You’ve anticipated retirement for decades, but a mid-life medical crisis left you with debt that threatens to undermine your retirement plan. Your ace in the hole: Social Security income.
You file Chapter 13 bankruptcy to discharge unsecured debt, projecting a monthly income that does not include your anticipated Social Security income. Clouds of debt that threatened to tarnish your golden years can now be cleared away.
Bad faith, cries the bankruptcy trustee. The plain language of bankruptcy law says Social Security income (SSI) is exempt from reporting as disposable income, but the bankruptcy trustee asserts the SSI must be included in projections of future disposable income used to calculate Chapter 13 payment schedules. Failure to include SSI in those projections shows bad faith, the trustee asserts, and a bankruptcy court refuses to approve a proposed Chapter 13 plan.
Not so, a 10th Circuit federal Court of Appeals panel said this week. Social Security benefits are exempt from calculations of projected disposable income in Chapter 13 bankruptcy filings.
The court found authority in both bankruptcy law and Social Security law to support their conclusions. The federal Bankruptcy Code defines disposable income, but does not explicitly define “projected disposable income” as considered in forms used to calculate repayment schedules. Failure to accurately complete those forms can be considered bad faith under the terms of bankruptcy law.
“Projected disposable income” can sometimes be some amount other than that calculated by a strict a mechanical formula based on prior income, as the United States Supreme Court affirmed in an earlier case (Hamilton v. Lanning). Social Security income, though, is a different matter, the 10thCircuit panel concluded.
One reason is because adding “projected” to the phrase “disposable income” doesn’t erase exemptions Congress included in the definition of disposable income, the 10th Circuit decision states. As to the question of bad faith, a Chapter 13 filer who asserts SSI exemptions allowed by law wasn’t acting in bad faith, the court found.
Further, even if Congress hadn’t protected Social Security income when it hammered out the bankruptcy code, it clearly carved out protections in Social Security law. Section 207 of the Social Security Act states that “none of the moneys paid or payable or rights existing under this sub-chapter shall be subject to execution, levy, attachment, garnishment, or other legal process, or to the operation of any bankruptcy or insolvency law.”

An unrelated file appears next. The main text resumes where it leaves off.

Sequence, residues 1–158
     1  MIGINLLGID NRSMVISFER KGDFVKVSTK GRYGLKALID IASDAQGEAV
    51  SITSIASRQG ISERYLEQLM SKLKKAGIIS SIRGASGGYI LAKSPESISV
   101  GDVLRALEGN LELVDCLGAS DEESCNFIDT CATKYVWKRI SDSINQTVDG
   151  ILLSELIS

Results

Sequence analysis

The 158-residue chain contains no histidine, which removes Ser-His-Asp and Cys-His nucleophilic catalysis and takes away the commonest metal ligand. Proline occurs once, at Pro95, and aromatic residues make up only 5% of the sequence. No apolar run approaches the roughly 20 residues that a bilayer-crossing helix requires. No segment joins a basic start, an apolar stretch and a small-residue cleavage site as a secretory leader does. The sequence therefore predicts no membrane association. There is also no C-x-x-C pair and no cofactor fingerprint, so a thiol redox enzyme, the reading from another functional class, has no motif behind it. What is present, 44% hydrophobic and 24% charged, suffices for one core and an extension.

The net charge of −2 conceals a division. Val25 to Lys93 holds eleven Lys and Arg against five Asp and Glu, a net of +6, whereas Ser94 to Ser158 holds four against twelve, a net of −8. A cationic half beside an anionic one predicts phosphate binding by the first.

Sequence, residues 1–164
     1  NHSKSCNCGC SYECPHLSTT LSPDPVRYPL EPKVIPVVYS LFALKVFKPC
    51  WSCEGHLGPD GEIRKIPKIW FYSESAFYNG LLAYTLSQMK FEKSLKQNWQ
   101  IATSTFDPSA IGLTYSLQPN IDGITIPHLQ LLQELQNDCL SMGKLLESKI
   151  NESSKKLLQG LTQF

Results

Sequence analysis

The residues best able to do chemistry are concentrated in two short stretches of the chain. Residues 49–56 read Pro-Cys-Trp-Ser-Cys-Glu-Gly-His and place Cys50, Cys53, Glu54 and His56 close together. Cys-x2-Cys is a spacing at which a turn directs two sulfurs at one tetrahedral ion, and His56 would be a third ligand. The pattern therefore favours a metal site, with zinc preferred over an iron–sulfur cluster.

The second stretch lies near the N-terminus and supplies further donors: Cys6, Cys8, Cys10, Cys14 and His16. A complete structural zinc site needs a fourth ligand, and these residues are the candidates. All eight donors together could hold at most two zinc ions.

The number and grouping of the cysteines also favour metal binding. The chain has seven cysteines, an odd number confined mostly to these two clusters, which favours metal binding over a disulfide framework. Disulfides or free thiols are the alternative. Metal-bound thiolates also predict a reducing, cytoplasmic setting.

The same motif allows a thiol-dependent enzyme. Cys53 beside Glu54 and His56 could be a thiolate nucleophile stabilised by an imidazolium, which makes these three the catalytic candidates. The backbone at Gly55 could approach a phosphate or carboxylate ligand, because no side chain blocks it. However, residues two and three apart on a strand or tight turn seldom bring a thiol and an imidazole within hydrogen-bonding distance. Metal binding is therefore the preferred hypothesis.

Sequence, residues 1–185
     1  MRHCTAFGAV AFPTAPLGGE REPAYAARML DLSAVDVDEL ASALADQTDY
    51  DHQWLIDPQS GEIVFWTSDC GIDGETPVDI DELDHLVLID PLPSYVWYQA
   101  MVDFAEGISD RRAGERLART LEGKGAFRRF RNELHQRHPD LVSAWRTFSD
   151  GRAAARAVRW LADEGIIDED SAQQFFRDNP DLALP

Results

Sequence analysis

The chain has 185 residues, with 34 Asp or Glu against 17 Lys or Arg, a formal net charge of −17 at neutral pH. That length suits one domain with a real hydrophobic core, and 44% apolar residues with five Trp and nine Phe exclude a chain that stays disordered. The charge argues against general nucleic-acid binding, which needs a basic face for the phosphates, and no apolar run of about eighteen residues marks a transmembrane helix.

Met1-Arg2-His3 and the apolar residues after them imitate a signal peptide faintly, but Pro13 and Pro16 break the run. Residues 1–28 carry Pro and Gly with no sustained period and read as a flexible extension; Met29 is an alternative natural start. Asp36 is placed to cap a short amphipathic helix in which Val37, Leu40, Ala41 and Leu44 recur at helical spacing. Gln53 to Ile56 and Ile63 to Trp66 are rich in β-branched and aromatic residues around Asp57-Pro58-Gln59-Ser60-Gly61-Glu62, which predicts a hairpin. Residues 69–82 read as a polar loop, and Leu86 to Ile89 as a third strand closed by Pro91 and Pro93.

This week’s appellate ruling addressed only anticipated SSI income, but the plain language of Social Security law also protects lump-sum awards already in hand when a person files bankruptcy. Congress has created exemptions that allow SSI to be attached for certain tax or child support debts, but for purposes of bankruptcy, SSI is exempt.
If you’ve received a lump-sum payment or ongoing SSI benefits and anticipate filing bankruptcy, you may need to show how much of your cash on hand resulted from Social Security payments. Because they’re exempt under bankruptcy law, it is essential to keep those funds in a separate account. Avoid commingling that income with any other money.
Bankruptcy law is a complex, constantly changing field. Do-it-yourself kits and online advice can leave you unaware of recent changes, and unprotected when a bankruptcy trustee or a bankruptcy court commits a reversible error that can cost you money. If you are facing insolvency and need immediate debt relief, contact a qualified Oklahoma bankruptcy attorney today.
For a free confidential consultation about your rights in bankruptcy court and the potential benefits of filing bankruptcy, contact the Dept Line Law Office at (405) 563-7888.